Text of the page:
Let’s talk about the patriarchal norms that have crept into our everyday lives. My best friend Ashley (we have a lot of fun with it) recently got married, and I helped her with the invitations since I’m definitely the mail expert in her inner circle (plus, I have our resident postal wonk, Kurt Ruppel). Ashley wanted more formal invitations, but she didn’t want to conform to the traditional addressing conventions of listing a married woman as an extension of her husband (for example, addressing it to “Mr. and Mrs. John Smith”). Was there a way she could have both?
Uh, yeah she could! This is the 21st century, America, AND it’s her wedding—she can have whatever she wants! And, as it turns out, the conventions around addressing holiday cards have also changed. As you begin to send out holiday cards to your family and friends, here are some good-to-knows when it comes to more formal, but non-gender biased, addressing.
Addressing Holiday Cards to Families
It’s fine to just use the singular of the family name:
The Jones Family
It’s safe and easy—there’s really no need to list first names of the parents unless you’re really jonesing to (see what I did there?). Important side note: If you’re signing your card from your family, use the plural, and don’t include an apostrophe when you use the last name.
Addressing Holiday Cards to Blended Families
If you have a family where the couple has different last names, or a combination of names, you can use the same addressing philosophy. Mixed families are still families—just include both last names:
The Jones-Smith Family
This is a good compromise between listing every person’s name and keeping it short and sweet. The hyphen keeps the names together as a family and allows the recipients to identify with the name Jones, Smith, or the hyphenated Jones-Smith.
If it’s a laundry list of last names, you can just keep adding to the equation:
The Jones-Smith-Doe Family
If it’s a combination of hyphenated names and singular names, you only need to list the names once. For example, when addressing a household with a husband John Smith, wife Julia Jones, daughter Jane Doe, and son James Smith-Jones, you can still keep it as “The Jones-Smith-Doe Family”—just make sure that the hyphenated name is still together in its proper order.
One common mistake I see with employing this naming method is using “families” instead of “family.” Keep it singular since they are one family unit living together.
Addressing Holiday Cards to Couples
If you want to include first names, you should list who you know best first, even if the couple is married. This is a big departure from listing a man’s name first, partially brought on by the gender equality movement and partially fueled by the cultural shift of non-married couples cohabitating. To keep it clean, use the prefixes with the first names (if you’re including them at all), and list the last name only once at the end:
Mrs. Jane and Mr. James Johnson
If the couple isn’t married, or if the married couple have different last names, you should list each name in its entirety, listing the person you know best first. If it’s a tie, go alphabetical:
Ms. Jane Doe-Johnson and Mr. James Doe
For a married couple with the same last name, you could also simply list the plural of the last name:
Addressing Holiday Cards to Couples with “Freeloaders”
Another necessity due to modern living scenarios is knowing how to address a group of people who live together, but maybe wouldn’t if some members of that home had more solid income (to put it delicately). For those who aren’t related and share the home equally, list them in alphabetical order by last name:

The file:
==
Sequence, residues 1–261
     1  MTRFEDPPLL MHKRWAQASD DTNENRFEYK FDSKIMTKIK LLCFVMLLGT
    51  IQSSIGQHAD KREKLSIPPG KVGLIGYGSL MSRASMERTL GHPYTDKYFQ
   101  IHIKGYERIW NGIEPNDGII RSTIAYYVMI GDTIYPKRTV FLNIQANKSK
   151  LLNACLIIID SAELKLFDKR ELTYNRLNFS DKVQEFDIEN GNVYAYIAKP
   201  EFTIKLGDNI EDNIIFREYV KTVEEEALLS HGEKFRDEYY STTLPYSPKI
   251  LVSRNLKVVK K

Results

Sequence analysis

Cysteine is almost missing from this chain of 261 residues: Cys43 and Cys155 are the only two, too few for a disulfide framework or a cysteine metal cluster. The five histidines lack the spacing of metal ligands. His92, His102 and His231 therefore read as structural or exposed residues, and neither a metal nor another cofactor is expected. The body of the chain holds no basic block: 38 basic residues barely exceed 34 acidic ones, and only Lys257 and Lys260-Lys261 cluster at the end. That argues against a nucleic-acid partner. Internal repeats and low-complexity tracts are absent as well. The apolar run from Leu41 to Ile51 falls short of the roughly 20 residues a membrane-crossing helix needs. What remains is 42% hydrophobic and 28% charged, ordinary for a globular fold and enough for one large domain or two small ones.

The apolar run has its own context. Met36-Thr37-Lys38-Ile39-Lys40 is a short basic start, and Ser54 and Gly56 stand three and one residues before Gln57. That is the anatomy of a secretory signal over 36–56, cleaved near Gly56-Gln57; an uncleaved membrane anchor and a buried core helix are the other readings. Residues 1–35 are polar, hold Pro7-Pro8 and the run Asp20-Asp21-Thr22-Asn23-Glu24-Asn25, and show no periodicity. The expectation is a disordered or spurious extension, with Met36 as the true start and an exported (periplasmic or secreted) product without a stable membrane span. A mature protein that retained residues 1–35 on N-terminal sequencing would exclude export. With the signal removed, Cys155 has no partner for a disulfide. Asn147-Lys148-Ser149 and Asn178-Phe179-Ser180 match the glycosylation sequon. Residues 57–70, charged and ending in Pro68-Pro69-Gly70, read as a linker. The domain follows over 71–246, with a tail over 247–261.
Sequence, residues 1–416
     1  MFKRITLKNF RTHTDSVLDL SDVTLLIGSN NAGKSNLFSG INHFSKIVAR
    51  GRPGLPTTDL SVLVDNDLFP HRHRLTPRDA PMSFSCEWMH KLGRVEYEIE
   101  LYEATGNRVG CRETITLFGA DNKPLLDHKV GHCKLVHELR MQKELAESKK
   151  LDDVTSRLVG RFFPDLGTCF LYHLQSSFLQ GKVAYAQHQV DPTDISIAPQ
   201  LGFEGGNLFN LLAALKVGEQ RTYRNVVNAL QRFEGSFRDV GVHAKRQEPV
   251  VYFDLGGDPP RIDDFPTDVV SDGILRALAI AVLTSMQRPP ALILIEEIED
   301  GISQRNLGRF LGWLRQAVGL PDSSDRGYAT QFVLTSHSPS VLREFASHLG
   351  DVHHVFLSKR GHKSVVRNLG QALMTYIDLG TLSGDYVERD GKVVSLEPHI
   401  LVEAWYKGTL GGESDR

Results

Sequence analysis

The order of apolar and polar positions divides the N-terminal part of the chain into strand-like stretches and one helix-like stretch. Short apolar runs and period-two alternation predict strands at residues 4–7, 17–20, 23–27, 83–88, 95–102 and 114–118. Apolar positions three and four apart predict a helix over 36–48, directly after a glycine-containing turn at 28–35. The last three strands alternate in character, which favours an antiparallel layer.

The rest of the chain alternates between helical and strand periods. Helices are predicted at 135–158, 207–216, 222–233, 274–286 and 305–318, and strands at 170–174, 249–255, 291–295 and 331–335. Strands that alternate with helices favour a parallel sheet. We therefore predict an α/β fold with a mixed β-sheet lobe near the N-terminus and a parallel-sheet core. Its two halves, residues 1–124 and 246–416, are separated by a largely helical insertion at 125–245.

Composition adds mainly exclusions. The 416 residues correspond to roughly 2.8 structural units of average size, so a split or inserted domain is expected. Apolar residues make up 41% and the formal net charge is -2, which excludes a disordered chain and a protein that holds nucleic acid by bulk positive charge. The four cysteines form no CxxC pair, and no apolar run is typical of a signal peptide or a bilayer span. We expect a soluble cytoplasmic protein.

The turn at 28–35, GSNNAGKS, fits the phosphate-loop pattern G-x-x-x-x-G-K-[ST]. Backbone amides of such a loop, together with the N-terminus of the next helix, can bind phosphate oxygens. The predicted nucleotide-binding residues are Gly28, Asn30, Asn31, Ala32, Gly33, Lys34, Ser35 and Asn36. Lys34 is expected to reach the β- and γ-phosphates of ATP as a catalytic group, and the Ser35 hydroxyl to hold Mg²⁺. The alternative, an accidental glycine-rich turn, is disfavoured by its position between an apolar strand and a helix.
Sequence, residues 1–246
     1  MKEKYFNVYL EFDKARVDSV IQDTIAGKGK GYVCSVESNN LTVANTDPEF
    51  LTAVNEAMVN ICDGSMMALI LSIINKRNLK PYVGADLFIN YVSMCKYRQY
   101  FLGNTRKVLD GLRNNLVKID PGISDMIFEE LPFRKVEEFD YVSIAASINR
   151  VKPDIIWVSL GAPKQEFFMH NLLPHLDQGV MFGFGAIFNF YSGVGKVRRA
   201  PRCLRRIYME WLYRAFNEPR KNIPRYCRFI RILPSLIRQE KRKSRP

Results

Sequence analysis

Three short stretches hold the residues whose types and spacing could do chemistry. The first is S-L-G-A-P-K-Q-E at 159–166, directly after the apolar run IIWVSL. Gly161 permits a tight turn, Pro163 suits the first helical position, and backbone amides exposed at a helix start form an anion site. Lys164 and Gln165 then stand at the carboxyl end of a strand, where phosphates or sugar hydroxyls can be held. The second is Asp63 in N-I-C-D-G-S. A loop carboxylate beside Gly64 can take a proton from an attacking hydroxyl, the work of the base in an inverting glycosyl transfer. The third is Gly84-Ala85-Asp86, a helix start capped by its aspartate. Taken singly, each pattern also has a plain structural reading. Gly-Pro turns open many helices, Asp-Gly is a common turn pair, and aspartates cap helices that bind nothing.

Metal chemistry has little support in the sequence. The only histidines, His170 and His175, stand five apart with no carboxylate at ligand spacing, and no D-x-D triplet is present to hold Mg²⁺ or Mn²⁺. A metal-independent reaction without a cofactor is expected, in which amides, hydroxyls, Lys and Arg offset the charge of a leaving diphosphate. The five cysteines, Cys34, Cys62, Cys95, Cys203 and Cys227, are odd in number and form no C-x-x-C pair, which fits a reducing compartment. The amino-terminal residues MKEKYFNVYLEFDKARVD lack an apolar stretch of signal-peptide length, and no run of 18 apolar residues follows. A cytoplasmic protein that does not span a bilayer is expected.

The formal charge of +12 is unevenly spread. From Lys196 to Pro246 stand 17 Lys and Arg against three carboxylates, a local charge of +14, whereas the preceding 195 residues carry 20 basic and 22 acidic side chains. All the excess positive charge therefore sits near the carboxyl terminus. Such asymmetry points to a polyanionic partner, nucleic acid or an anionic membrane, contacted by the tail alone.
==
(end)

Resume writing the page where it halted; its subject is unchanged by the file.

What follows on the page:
Mr. John Doe, Mr. Tom Jones, Ms. Samantha Smith
For a mix of those who are related and those who aren’t, list the homeowners/majority homeowners first, then alphabetically. Also use commas to keep things clear:
Mr. John and Mrs. Jane Doe, Mr. Tom Jones, and Ms. Samantha Smith
For those who are related, but two are married and the others are extended family unit (aunts, uncles, cousins, grandparents, etc.), or are adults (over 18), you’ll want to list the individual twice, even if they have the same last name. Take for example, a married couple (Jane and John) and their college student child (James):
Mr. John and Mrs. Jane Doe, and Mr. James Doe
If the household includes other kids, like if the couple also had two other kids in high and middle school, you can list them as:
The Doe Family
Addressing Holiday Cards to Singles
If you’re including prefixes (note: In the U.S., we include a period after the prefix and before the name, but in the UK, they don’t include a period before the name.), here’s a little cheat sheet:
- All males: Mr.
- All women: Ms. (this is an all-encompassing prefix for women, but is typically used when you don’t know their age or marriage status)
- Married women: Mrs.
- Unmarried women under the age of 30: Miss
- Unmarried women 30 or older: Ms.
- Doctors: If someone has earned a PhD, list Dr. instead of a gendered prefix.
- Widows: It’s best to ask what they prefer, but “Ms.” is a safe bet.
- Divorcees: This is another best-to-ask situation; find out if they are changing their last name, or if they’d like their maiden name added (typically either hyphenated or in parentheses).
- Non-binary/trans people: Ask what prefix they prefer, and be aware that they may prefer “Mx,” “Misc,” or “Ind”. If you aren’t sure, skip the prefix altogether.
Despite reading a blog on the topic, try not to stress about addressing holiday cards (marketers: you should stress a bit—but we’ll cover how to avoid marketing addressing faux-pas in an upcoming post). It’s one of those “it’s the thought that counts” things, and making an effort to address your mail appropriately will go a long way in showing your sincerity in extending an invitation or greeting.
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